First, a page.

Debunking Diet Myths!

Do Carbohydrates Make Me Fat?

NO! An excess intake of any nutrient carbs, fats, and protein over your daily caloric needs will cause weight gain. Carbohydrates are a necessary nutrient that provide energy for the body, metabolism of fats, space muscle proteins, and provide essential fiber, vitamins, and minerals. Eating carbohydrates that are moderate- to low-glycemic index can help with satiety (the feeling of being full), regulating blood sugar, and balance energy levels. Eating an abundance of high-glycemic index foods (sugar, refined processed carbs) can lead to uncontrolled spikes in blood sugar, low energy, and increased appetite.

Does Eating at Night Make Me Fat?

Depends on how many calories you have left at the end of the day. Gaining weight is not about WHEN you eat, but about HOW MUCH you eat. If you do not go over your caloric needs for the day, you can eat as late as you want. If you would like to have your biggest meal as dinner, you certainly can if you stay within you appropriate caloric needs. Timing of meals is not something I will address here, but you can time your meals to optimize your performance, energy, and mood throughout the day.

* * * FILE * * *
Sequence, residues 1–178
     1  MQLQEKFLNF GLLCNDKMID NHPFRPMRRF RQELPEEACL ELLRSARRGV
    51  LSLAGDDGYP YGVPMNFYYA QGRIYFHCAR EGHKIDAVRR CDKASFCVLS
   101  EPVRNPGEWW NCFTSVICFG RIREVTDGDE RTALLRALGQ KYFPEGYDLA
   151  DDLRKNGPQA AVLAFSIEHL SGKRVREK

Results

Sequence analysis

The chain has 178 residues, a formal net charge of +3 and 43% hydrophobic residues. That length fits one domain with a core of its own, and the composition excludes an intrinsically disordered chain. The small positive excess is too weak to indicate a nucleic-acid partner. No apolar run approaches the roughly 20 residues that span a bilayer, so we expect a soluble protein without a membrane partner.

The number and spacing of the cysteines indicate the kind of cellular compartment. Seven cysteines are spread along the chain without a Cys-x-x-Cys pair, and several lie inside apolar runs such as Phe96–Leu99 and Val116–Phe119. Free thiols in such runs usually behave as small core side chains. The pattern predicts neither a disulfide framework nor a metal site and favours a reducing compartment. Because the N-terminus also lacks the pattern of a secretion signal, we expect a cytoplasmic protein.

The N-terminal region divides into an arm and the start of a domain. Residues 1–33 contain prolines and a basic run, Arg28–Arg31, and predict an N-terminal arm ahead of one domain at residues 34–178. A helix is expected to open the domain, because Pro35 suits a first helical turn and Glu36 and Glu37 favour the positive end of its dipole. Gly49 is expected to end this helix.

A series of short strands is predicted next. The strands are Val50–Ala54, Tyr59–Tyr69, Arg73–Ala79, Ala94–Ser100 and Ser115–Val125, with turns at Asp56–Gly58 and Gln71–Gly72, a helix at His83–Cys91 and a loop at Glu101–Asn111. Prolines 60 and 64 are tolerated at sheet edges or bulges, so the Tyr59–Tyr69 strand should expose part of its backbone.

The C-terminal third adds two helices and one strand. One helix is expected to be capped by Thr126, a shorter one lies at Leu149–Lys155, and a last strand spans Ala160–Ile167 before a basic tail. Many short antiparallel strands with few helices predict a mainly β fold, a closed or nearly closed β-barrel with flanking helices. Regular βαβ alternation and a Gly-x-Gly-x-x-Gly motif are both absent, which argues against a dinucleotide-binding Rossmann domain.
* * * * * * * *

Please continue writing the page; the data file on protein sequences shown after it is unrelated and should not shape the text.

Is a Low-Fat/High-Carb or High-Protein/Low-Carb Diet Better for Weight Loss?

Neither! Weight loss is achieved when you are consistently below your caloric needs for the day. These restrictive diets are cause for high dropout rates, find an eating style that you can stick with! Some studies show that you can lose weight faster on a low-carb diet in the first couple months, but after ~12 months the total weight loss is similar. Weight loss is not a sprint it’s a marathon. It is not a fad, it needs to be a lifestyle change. The primary goal of weight loss is to improve health by lowering body fat while maintaining your FFM (Fat Free Mass) and muscle tissue.

Can I Eat Whatever I Want as Long as I Exercise?

No! Your body needs to be supplied with the essential vitamins and minerals its needs to function. Also the majority of your burned calories throughout the day does not actually come from exercise. Average calories burned ranges from 200-500 during a typical exercise session. So doing a workout, and then “treating” yourself because you earned it with some junk food will most likely put you back over your caloric need for the day. Be mindful of your choices!

Is a High-Protein Diet Superior for Muscle Gain?

Depends what you consider high. The body does need the correct amount of protein to grow, maintain, and repair itself. Amino acids, which are what proteins are made up of, are the building materials for the body. An active individual does need more protein due to an increased need for body repair from exercise. Science bases protein intake at minimum of ~0.7 grams of protein per pound of body mass. I myself am currently consuming ~1.1 g/lb. Now this is specific to each individual, so this exact number may not match your needs. I would recommend working with a dietitian or nutritionist to determine your body’s protein needs.